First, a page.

Liverpool sees fall in number of empty shops

New figures from Liverpool BID Company reveal percentage of empty retail units in Liverpool city centre is at its lowest level since 2019 and is below the national average. Tony McDonough reports

Bold Street
There has been a fall in the number of vacant retail units. Picture by Tony McDonough


Just 6.2% of retail units in Liverpool city centre are now empty compared to 9.8% during the COVID pandemic.

According to figures published by Liverpool BID Company, the number of empty shop units in the city centre (excluding Liverpool ONE) is now below the national average of 10.2%, the North West average of 9.7% and the London average of 8.7%.

Liverpool’s vacancy rate has seen a drop after rising during 2021 during the pandemic, where it reached 9.8% in October 2021 and 8.6% in January 2022.

The national level has also continued to drop. It reached 11.8% in July 2021 and 11.7% a year ago in January 2021 before dropping to 10.2% in the latest figures.

For independent units, the vacancy rate is 42.2% in Liverpool city centre, while the North West is 48.4% and the UK is 42.7%.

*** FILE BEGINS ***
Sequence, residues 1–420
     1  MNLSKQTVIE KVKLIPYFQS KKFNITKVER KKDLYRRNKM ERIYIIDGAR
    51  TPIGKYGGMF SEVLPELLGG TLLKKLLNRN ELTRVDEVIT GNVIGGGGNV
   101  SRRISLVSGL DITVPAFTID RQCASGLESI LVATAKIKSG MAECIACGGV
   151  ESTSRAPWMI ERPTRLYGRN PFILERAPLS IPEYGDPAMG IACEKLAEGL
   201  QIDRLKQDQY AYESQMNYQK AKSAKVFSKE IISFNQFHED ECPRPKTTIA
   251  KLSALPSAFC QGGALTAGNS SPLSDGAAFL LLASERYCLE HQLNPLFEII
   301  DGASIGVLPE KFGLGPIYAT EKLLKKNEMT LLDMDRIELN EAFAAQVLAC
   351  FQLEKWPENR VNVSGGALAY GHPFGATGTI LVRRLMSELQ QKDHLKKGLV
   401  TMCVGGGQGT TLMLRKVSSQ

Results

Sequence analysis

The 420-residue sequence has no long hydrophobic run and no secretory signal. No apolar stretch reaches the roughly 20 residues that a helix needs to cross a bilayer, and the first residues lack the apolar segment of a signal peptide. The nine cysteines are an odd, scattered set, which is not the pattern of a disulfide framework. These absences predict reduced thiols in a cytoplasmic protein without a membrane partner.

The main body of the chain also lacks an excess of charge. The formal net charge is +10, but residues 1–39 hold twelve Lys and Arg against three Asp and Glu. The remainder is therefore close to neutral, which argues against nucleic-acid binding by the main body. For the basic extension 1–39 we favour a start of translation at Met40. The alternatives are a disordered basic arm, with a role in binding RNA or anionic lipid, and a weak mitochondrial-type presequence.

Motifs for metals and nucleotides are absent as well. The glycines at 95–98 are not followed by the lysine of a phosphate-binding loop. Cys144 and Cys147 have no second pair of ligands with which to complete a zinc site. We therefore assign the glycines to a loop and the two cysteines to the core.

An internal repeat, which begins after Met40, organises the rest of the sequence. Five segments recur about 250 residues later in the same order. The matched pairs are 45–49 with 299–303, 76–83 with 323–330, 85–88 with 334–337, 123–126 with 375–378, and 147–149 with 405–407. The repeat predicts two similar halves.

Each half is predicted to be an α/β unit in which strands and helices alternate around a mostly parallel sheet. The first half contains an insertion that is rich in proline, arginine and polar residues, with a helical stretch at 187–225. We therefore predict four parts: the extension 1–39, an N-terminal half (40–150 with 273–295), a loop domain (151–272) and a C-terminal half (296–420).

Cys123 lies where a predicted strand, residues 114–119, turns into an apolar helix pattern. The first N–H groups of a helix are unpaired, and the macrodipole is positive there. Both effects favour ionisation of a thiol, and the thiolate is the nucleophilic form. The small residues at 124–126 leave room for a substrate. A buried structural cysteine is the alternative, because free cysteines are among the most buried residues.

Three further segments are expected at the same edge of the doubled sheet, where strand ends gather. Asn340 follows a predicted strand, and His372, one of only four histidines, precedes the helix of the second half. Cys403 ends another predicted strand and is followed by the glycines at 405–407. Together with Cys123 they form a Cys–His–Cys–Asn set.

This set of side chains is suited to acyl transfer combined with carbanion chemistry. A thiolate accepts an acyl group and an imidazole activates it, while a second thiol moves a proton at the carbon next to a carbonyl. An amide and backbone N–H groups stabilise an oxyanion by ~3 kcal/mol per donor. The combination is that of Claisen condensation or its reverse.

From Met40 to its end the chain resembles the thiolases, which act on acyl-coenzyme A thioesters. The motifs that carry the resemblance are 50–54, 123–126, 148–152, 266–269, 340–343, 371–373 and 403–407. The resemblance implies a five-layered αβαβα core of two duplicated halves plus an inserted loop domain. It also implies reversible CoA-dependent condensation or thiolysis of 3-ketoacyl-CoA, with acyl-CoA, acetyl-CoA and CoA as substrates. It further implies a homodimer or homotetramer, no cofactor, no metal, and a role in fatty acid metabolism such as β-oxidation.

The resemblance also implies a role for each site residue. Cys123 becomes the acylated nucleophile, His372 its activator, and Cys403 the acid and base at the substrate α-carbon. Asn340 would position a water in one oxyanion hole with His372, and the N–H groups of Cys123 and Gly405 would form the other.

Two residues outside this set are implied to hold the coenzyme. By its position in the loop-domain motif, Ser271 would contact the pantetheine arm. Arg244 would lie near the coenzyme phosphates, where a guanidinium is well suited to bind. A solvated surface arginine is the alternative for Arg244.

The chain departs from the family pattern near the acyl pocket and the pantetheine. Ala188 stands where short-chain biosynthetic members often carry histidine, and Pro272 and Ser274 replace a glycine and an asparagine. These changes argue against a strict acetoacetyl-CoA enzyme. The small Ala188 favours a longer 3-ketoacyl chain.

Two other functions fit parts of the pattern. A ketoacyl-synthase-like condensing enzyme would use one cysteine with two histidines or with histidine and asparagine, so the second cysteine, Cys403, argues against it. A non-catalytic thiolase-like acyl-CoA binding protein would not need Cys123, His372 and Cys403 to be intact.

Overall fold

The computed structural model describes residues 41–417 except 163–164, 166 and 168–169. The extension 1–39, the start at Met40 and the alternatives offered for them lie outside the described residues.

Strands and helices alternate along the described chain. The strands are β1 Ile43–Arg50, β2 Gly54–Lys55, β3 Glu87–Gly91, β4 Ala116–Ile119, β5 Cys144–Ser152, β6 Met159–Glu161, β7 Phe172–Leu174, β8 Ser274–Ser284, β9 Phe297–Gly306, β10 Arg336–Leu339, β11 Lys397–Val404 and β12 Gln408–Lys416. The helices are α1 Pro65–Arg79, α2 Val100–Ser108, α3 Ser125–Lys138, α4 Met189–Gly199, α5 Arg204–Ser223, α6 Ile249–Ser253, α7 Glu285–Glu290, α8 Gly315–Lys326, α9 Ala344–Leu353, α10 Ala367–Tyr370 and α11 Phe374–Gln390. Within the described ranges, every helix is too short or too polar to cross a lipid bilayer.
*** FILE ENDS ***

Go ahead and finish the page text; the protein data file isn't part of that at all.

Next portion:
Liverpool compares favourably with all other regions of the UK. In the South East the vacancy rate is 9.7%, 9.5% in the South West, 15.9% in Wales, 10.4% in the East Midlands, 12% in the West Midlands, 15.3% in North East Yorkshire and 7.4% in Scotland.

Jennina O’Neill, chair of Liverpool BID’s retail and leisure board and centre manager at Metquarter, said: “Some major brands have moved to Liverpool in the last 12 months, including Decathlon, Flannels, Albert’s Schloss, Hawksmoor and Gaucho.

“These openings have a positive impact on vacancy rates but also illustrate investor confidence in the city centre and what it has to offer.

“There has been a widening of choice in terms of the independents’ offer and this has given areas such as Bold Street a greater variety.

“Where we are seeing change of use, like Next moving from the large unit on Church Street to the one vacated by Forever 21, we are seeing big brands fill those spaces.

“As more leisure moves into spaces alongside retail, we are building that mixed use offer that drives footfall.”

Liverpool BID Company is a private not-for-profit organisation. It represents the interests of 1,000 levy paying businesses in Liverpool city centre, across two BIDs Retail & Leisure BID and Culture & Commerce BID.

Businesses will vote on the renewal of the Retail & Leisure BID this spring. In November 2022 it formed the UK’s first Accommodation BID, covering hotels and other accommodation providers.

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